Barack Obama announces his candidacy for White House

U.S. Senator Barack Obama, who is considered Hilary Clinton’s main rival for the Democratic Presidential nomination, has formally announced he will run for the White House.  He would be the first ever African American President of the U.S.

Barack Obama chose Springfield, the capital of the State of Illinois, to deliver his speech. It’s a setting with strong historic links to the American Civil War, President Abraham Lincoln and his fight to end slavery.

Braving sub-zero temperatures and invoking the legacy of a great American reformist, he addressed his supporters and the American people.

‘In the shadow of the Old State Capitol, where Lincoln once called on a divided house to stand together, where common hopes and common dreams still live, I stand before you today to announce my candidacy for President of the United States,’ the Senator said.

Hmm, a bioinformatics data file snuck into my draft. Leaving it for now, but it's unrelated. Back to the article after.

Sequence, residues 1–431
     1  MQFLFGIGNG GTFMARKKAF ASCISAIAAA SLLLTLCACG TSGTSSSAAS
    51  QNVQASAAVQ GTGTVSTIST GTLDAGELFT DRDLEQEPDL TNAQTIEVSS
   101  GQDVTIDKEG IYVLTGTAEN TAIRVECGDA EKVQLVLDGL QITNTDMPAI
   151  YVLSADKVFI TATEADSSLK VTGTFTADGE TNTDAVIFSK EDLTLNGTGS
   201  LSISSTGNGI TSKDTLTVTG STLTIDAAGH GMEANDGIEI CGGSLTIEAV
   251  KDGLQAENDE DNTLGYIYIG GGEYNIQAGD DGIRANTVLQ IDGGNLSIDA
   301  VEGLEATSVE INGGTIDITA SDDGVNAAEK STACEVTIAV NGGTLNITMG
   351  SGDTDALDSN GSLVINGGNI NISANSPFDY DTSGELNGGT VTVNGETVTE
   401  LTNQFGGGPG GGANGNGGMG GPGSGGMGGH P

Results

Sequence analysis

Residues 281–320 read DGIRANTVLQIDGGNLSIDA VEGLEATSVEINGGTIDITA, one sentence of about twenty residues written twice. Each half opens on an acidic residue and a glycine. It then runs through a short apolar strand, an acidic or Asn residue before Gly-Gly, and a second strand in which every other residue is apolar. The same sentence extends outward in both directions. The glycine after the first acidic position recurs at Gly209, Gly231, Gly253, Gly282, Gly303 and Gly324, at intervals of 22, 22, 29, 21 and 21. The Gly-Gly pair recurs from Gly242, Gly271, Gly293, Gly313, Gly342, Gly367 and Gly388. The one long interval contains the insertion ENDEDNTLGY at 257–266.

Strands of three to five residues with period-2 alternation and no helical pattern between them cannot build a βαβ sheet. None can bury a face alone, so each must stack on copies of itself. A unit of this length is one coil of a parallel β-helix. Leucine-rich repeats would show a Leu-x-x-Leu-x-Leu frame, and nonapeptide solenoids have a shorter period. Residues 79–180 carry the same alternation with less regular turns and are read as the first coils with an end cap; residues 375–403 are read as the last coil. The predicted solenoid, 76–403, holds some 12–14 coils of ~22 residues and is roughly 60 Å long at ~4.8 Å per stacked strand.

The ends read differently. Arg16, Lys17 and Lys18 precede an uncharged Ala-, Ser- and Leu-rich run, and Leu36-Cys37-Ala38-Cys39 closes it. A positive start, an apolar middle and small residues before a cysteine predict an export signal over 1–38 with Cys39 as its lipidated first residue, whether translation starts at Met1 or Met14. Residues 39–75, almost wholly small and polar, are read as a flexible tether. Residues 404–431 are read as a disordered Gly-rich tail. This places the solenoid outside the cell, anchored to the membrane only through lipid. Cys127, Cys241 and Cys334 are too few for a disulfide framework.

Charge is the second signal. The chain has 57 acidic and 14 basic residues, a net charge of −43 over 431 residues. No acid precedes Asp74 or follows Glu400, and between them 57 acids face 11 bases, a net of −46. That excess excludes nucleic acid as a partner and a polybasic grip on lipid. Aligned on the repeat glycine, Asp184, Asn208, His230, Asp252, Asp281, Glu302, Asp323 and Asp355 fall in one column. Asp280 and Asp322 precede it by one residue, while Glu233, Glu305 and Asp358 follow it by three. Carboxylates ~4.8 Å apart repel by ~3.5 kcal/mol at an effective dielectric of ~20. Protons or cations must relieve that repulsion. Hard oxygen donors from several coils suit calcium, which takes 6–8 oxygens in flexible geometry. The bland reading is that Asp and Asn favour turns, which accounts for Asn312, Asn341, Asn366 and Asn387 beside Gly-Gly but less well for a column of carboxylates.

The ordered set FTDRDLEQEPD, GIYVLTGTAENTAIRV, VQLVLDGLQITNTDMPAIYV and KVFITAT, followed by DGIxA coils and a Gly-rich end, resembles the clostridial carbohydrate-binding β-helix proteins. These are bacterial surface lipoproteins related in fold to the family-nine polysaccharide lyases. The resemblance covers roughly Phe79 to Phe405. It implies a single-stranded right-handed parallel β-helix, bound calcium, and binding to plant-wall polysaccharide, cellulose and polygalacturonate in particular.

Obama’s political star has been rising since his speech at the 2004 Democrat Convention, which left many touting him as a future president.

He is seen as a fresh face among a list of political veterans and has created a grass roots buzz as the first African American seen as having a realistic chance to capture the White House.

In his speech, Barack Obama was highly critical of George Bush’s term in office. Also, he spoke of ending poverty, investing in education, weaning America from it's reliance on foreign oil and building global alliances while continuing to fight terrorism.

In addition, he said the war in Iraq has gone on long enough.

'It's time to admit that no amount of American lives can resolve the political disagreement that lies at the heart of someone else's civil war. That's why I have a plan that will bring our combat troops home by March of 2008,' Mr. Obama announced.

Meanwhile, the former First Lady and one of Obama’s rivals, Hilary Clinton, was campaigning in New Hampshire today.